Religious Pressure at Texas Vet Clinic Leads to $150,000 EEOC Settlement

Employment Law Weekly, December 29, 1999

An Arlington, Texas veterinary clinic agreed earlier this month to pay $150,000 to six employees who claimed in a suit backed by the U.S. Equal Employment Opportunity Commission that the company unlawfully pressured employees to subscribe to beliefs of the Church of Scientology (EEOC v. I-20 Animal Medical Center, N.D. Tex, 398CV2316-X, settlement approved 12/2/99). In a complaint filed Sept. 30 in the U.S. District Court for the Northern District of Texas, EEOC alleged that I-20 Animal Medical Center violated religious discrimination provisions of Title VII of the Civil Rights Act of 1964. Specifically, the complaint charged that I-20 subjected non-scientologist employees to disparate treatment, failed to reasonably accommodate the religious beliefs of non-scientologist employees, and retaliated against workers who opposed what they believed were unlawful employment practices.

Since at least Sept. 1, 1991, the complaint charged, I-20 intentionally pressured employees to "conduct themselves in a manner consistent with the teachings of the Church of Scientology and to participate in religious activities, including, but not limited to, religiously-influenced course-work." In addition, EEOC claimed, I-20 required employees to participate in religious activities in order to be promoted to or retain management positions.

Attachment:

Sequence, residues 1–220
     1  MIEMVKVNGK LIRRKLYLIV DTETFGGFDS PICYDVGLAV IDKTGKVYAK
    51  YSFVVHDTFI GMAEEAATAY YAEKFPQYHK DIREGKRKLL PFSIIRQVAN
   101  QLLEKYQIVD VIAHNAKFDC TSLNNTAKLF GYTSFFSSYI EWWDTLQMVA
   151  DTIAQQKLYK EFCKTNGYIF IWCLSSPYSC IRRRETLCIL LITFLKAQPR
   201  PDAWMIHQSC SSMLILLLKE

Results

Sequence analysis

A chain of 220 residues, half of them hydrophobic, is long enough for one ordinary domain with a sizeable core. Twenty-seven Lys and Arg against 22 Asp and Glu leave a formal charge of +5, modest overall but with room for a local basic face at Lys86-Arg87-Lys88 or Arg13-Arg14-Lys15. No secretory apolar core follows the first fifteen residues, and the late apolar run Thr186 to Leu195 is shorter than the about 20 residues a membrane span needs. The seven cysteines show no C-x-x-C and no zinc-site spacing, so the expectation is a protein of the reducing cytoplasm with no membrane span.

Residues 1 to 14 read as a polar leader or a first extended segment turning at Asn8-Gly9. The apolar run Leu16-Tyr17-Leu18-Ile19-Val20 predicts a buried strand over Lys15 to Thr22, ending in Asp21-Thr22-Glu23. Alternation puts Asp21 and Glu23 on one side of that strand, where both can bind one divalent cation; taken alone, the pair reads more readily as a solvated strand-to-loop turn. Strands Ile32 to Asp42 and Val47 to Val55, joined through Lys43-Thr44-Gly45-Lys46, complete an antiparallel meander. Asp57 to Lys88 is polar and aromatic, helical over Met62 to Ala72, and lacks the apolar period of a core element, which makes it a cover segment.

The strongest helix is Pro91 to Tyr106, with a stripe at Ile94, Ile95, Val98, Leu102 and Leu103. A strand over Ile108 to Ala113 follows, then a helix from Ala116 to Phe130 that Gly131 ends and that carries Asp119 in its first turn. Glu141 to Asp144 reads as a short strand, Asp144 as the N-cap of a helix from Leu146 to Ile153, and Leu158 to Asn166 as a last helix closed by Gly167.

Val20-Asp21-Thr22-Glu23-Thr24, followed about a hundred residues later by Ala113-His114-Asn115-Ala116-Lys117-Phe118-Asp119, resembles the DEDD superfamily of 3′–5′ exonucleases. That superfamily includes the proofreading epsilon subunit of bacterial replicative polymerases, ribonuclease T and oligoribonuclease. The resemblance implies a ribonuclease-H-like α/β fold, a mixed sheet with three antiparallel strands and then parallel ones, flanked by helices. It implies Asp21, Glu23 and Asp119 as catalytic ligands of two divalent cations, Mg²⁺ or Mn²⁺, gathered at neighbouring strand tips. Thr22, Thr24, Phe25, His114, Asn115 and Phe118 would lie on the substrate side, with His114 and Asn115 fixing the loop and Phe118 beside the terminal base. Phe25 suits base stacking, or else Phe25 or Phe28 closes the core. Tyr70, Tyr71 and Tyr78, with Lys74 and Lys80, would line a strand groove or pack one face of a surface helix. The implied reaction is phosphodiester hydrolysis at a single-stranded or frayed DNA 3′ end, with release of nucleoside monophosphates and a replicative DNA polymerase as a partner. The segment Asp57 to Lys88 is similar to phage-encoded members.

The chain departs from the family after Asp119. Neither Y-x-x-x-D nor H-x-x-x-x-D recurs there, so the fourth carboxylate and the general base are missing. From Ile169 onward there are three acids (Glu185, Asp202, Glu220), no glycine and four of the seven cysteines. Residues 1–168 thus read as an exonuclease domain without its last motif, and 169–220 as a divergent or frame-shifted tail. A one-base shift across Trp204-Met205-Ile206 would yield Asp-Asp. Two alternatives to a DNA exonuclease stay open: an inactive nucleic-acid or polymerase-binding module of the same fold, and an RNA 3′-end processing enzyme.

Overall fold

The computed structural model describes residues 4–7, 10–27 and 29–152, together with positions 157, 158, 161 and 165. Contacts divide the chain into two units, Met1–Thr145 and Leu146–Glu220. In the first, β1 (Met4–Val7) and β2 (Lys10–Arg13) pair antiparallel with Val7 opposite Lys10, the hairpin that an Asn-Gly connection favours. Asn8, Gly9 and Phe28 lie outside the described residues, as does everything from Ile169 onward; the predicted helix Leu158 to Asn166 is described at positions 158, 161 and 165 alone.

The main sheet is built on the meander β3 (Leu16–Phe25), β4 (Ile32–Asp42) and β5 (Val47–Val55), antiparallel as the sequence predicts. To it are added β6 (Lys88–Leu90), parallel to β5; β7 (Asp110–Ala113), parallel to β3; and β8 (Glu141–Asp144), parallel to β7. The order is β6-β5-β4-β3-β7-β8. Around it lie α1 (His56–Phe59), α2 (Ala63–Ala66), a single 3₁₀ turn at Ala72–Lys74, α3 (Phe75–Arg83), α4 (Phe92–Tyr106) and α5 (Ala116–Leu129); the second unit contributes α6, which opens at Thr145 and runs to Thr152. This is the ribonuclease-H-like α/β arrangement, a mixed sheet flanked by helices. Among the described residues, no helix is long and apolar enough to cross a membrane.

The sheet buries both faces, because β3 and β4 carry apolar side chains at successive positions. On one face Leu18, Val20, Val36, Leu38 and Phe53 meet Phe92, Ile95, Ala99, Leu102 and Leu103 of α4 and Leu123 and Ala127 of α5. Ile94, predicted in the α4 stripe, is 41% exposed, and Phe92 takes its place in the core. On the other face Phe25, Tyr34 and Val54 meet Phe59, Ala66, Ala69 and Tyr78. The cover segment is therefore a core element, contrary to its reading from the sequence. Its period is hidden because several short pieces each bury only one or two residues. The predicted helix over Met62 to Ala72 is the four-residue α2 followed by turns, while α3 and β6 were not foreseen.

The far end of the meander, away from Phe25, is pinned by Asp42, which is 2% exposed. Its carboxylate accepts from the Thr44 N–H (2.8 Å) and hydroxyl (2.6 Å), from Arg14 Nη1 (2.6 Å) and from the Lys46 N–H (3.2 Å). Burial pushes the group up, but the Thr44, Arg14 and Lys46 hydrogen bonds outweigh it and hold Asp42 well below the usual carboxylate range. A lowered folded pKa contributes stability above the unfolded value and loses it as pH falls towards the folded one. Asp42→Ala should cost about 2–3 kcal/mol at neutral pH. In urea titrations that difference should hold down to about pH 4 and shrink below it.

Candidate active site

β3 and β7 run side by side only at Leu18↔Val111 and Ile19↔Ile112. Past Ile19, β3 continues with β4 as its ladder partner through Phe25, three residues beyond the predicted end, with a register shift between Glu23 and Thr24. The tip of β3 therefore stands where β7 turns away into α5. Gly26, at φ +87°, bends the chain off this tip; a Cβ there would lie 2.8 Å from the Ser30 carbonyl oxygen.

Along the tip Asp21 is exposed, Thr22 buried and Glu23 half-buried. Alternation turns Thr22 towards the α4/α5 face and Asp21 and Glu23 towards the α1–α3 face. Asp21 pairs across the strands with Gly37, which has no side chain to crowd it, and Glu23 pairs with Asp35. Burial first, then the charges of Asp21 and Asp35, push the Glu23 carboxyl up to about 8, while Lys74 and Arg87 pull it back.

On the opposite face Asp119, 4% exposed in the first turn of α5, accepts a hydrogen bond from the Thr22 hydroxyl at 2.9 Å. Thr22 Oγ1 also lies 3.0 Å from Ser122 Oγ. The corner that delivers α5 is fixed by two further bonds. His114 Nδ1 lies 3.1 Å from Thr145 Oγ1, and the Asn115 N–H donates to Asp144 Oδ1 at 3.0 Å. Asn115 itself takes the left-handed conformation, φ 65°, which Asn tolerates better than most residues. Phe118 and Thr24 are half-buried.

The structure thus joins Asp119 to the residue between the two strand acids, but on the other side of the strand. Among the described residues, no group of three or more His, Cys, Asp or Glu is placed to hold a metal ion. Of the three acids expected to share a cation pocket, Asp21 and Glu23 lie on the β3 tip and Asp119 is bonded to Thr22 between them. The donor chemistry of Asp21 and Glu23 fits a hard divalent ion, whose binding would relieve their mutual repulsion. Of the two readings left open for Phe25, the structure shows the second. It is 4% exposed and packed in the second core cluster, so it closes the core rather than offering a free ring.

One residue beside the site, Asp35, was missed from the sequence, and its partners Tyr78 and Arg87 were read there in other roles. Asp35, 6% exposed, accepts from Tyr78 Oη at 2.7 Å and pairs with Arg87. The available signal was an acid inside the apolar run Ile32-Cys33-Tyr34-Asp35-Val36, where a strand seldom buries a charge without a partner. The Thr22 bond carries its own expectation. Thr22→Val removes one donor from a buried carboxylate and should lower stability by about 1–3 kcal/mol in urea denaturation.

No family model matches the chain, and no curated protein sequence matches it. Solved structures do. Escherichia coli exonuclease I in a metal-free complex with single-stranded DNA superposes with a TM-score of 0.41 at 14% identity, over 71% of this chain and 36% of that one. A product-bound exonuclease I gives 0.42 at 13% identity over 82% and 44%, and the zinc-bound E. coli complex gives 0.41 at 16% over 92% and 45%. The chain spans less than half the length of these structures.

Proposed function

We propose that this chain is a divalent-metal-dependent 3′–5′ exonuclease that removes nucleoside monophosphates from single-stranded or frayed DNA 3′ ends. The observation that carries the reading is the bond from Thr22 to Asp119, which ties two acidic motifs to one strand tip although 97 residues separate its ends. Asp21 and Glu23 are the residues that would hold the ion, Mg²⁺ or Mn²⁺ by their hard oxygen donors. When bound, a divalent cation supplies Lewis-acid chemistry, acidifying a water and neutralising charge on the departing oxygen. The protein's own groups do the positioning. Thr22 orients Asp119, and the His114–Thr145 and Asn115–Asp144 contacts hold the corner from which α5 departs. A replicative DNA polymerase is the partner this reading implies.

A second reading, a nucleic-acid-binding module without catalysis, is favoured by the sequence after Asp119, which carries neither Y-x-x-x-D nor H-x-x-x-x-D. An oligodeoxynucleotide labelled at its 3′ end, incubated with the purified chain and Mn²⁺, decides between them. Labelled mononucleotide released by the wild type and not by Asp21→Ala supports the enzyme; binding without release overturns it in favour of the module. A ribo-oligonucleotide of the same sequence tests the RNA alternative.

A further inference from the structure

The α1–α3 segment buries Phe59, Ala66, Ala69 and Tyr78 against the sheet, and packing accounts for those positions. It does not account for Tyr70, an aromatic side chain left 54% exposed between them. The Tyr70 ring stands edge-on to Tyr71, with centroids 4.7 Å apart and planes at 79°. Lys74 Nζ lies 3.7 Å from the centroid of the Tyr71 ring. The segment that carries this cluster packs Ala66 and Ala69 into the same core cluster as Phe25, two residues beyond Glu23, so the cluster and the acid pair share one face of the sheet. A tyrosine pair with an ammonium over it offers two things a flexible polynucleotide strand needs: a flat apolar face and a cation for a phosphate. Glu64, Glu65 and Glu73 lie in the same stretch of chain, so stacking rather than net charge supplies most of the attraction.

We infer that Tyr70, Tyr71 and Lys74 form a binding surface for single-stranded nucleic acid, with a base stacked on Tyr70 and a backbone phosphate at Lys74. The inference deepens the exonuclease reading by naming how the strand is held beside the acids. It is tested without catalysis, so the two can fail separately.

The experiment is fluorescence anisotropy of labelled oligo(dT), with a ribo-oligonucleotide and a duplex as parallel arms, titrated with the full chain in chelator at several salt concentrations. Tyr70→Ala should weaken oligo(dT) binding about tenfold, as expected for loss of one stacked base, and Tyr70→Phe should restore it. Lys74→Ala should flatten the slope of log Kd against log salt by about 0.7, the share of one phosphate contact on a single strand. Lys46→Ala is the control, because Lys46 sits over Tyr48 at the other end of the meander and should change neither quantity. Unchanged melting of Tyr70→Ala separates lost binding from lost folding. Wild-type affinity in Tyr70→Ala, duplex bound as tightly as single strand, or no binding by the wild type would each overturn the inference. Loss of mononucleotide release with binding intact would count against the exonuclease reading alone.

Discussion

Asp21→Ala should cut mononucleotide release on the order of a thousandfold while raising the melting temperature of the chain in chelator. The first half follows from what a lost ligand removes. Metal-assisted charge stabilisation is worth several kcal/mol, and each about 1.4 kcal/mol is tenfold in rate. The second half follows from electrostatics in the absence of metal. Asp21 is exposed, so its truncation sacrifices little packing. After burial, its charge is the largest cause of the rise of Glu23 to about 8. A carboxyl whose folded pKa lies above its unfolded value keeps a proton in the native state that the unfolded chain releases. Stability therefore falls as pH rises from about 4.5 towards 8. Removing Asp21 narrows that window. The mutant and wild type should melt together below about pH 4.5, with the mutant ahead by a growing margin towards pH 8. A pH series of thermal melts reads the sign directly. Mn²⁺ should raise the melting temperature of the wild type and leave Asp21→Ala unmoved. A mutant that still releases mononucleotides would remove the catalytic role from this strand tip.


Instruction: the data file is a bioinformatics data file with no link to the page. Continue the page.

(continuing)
I-20 refused to excuse employees from religious activities, EEOC said, and disregarded worker objections to the imposition of Scientology. Employees who refused to participate in religious functions or otherwise resisted religious pressures were subjected to discipline, the complaint charged, including assignment to lesser tasks and termination.

Settlement Outlines Relief

In a consent decree signed Dec. 2 by U.S. District Court Judge Joe Kendall, I-20 denied any violations of Title VII but agreed to conduct all future employment practices in a manner that does not subject any employee to discrimination based on religion.

The company agreed to pay a total of $150,000 to six employees to settle all compensatory, punitive, and other damages. Payment will be sent to the employees in the form of separate cashiers' checks in amounts to be determined by EEOC.

I-20 also agreed that it will not condition pay raises, promotions, or other job benefits on employee compliance with employer-imposed religious teachings, and will not use religiously-influenced training material. The company will also train employees on the requirements and provisions of Title VII and post a notice outlining complaint procedures on the company bulletin board.

Under the terms of the settlement, I-20 will remove all documents related to charges of religious discrimination from employee personnel files.

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